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Forte: Loosening the grip of perfectionism

The day we came back from spring break, I asked the YAMA Philharmonia Orchestra students what goals they have for themselves as musicians as we finish out the year. Nearly half of them said they want to be more confident. Wow, I thought, how on earth do I support them in this goal?

Knowing that they carry the wisdom within themselves to answer this question, I asked them what they think it means to be confident in performance.

Many of them said it helps to ignore the audience, play just for yourself and hope the audience gets something out of the experience. Then Jaiden Cano, a ninth-grade bass player, said, “Why wouldn’t you feel confident? You are there to play music, the audience is there to listen, so just do what you’re there to do.”

The clarity of this statement felt like a cool drink of water on a hot day. Suddenly I could see more clearly one of our biggest obstacles to confidence: perfectionism, or the idea that we need to be absolutely spotless, even if it’s at the expense of our own experience.

This also illuminates a challenge we all face as music teachers; we want to equip our students with the skills they need to be competitive out in the world, yet we don’t want to sterilize them. Perfectionism, I’m coming to realize, is clean and sparkly and without the blemish of humanity. But who wants to go hear music that has no grit, no soul, no proof of human struggle?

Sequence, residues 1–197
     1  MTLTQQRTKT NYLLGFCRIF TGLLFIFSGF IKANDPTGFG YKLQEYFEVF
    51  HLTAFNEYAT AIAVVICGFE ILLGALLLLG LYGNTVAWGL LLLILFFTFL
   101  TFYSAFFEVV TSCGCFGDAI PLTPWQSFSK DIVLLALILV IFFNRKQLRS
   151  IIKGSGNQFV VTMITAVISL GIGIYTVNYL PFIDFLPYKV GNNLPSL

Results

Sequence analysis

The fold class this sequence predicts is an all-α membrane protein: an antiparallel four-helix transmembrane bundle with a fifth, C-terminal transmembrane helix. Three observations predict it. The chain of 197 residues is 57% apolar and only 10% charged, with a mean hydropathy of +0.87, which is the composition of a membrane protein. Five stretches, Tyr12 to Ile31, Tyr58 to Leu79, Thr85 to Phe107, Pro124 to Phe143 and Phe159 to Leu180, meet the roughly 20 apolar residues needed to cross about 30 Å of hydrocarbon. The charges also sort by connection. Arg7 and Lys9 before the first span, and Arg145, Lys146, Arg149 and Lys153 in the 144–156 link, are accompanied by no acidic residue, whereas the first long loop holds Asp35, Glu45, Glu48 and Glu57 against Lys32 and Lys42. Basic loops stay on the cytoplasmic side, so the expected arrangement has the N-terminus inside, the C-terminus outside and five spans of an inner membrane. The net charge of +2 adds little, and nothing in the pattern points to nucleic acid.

There’s something outside of perfectionism that can drive our motivation for improvement, something deeper and more innately connective: expression. The majority of these students also share the goal to be more expressive and communicative as an ensemble, to know the music well enough that they can have fun with it and bring it to life.

Expression requires technical control and accuracy learned through disciplined practice, yet its core is human.

When the Philharmonia Orchestra accomplishes an expressive gesture that they’ve been working on, I can see every student’s eyes light up with the recognition that this is what it’s all about — all the years of hard work and practice and squeaks and frustrations are rewarded in the connection they feel in that moment. This connection is the gift they have to give to their audiences, a gift they can give confidently because they have worked hard to cultivate it.

After all, this is why we’re here, so let’s just do it.

• Jennifer Moultine, Yakima Symphony Orchestra cellist and teaching artist, is the site director for Yakima Music en Acción‘s (YAMA) Philharmonia program at A. C. Davis High School.

Reach Tammy Ayer at tayer@yakimaherald.com or on Facebook.

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